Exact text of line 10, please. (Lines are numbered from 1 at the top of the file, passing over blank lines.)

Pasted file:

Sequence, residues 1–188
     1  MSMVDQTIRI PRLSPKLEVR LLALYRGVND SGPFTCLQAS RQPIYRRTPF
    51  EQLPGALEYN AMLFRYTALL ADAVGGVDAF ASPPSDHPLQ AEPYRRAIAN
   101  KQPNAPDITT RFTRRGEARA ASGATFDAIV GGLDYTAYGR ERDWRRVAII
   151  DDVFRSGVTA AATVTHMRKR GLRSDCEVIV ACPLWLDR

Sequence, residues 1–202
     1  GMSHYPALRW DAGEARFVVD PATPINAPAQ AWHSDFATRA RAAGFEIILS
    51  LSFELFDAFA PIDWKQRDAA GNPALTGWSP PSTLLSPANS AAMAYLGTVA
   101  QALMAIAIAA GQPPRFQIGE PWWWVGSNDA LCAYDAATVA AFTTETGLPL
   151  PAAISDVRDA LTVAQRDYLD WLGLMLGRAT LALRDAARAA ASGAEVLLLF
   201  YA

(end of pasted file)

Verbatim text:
   151  PAAISDVRDA LTVAQRDYLD WLGLMLGRAT LALRDAARAA ASGAEVLLLF